New and Venerable Institutions: Homeowner Hell

Humble Abode: Jim Reid's "ShelterOne."
Homeowner Hell: By the end of the 20th Century, San Francisco had become hell for first time homeowners due to inflated real estate costs in the entire region. In 2000, the median home price in the City was nearly $500,000. Because of the struggle for permanent homes it is not unusual in San Francisco to see longtime renter against first time buyer, developer against neighborhood, and native against newcomer, all joined in battle over precious parcels of land.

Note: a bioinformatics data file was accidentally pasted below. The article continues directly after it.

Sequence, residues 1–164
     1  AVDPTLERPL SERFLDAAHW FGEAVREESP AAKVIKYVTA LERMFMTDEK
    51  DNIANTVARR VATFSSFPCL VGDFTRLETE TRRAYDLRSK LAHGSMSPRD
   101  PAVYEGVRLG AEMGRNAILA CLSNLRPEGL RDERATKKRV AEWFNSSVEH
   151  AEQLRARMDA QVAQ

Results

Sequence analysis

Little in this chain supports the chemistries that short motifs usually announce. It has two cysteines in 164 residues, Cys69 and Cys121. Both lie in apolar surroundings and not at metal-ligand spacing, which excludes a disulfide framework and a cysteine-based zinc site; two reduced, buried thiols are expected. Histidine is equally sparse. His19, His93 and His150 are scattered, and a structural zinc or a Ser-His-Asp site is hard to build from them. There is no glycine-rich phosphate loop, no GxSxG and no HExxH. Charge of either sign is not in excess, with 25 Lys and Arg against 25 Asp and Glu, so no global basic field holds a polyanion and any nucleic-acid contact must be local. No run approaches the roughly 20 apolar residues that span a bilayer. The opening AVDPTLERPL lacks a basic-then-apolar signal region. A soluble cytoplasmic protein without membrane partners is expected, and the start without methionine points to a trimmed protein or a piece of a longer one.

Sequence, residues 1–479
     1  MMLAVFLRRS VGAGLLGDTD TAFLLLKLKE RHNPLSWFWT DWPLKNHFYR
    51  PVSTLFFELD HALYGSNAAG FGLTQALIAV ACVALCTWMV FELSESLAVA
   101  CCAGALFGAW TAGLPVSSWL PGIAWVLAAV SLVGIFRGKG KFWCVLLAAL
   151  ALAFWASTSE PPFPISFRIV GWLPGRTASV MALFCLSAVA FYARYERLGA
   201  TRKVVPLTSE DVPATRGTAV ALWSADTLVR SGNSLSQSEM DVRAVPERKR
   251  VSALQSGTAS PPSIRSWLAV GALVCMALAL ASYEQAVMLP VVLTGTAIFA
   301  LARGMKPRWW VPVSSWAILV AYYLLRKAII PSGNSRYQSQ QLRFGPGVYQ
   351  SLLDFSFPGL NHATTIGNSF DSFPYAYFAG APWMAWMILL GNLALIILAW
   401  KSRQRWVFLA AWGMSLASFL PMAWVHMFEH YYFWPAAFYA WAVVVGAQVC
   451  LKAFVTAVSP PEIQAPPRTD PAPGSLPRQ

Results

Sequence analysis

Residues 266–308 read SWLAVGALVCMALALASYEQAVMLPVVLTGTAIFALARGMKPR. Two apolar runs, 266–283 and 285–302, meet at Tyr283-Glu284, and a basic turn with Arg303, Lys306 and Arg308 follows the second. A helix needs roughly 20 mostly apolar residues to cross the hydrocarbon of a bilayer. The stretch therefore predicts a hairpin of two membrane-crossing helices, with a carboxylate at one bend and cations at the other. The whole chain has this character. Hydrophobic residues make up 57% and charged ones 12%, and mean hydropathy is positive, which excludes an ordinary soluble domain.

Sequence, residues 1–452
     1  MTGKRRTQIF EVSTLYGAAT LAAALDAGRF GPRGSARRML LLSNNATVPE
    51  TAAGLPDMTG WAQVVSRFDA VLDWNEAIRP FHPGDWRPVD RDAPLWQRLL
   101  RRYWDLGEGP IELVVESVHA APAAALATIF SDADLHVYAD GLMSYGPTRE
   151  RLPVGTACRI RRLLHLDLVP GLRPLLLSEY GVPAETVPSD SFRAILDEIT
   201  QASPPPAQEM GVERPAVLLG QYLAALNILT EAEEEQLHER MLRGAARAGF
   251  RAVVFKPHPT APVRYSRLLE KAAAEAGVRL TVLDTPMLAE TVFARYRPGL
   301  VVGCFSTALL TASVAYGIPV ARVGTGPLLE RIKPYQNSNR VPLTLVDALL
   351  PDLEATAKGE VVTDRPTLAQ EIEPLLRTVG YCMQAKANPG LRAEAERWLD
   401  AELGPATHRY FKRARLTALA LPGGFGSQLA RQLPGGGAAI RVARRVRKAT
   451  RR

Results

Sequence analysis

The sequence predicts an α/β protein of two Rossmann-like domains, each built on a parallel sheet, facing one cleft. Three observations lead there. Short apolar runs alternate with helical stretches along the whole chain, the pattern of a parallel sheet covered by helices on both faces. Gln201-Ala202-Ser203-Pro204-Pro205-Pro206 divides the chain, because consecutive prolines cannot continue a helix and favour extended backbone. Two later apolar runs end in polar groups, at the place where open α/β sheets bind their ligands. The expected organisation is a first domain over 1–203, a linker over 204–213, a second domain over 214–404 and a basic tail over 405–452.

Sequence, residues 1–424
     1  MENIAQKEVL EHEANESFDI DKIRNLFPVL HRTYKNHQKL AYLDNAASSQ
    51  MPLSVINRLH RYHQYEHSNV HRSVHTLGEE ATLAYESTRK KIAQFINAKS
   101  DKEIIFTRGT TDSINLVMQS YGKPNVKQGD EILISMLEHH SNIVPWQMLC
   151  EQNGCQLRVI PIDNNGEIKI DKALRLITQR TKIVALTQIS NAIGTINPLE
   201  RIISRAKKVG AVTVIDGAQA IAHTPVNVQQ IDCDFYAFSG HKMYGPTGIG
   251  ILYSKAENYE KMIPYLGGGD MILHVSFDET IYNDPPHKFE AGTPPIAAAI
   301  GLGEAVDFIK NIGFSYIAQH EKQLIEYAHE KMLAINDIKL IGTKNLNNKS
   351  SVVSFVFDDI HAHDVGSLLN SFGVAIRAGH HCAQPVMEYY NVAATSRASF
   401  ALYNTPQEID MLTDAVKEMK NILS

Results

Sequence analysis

Did you ever wonder who had the pick of all the lots? If you blink you might miss the marker that designates the first dwelling in San Francisco. It is usually hidden behind T-shirts and sweat pants in front of a Chinatown gift shop. Even when the store is closed the plaque is partially obscured by a gate. Though most locals and even tour guides are not aware of this marker, Mister SF has uncovered it for you here. The first home in San Francisco was located at the corner of Clay Street and Grant Avenue. The marker is located at 823 Grant.

Detail I
Detail II

Detail III. The smallest home in San Francisco is Jim Reid's 100-square ft., $50,000 "ShelterOne."

Copyright 2003 Hank Donat home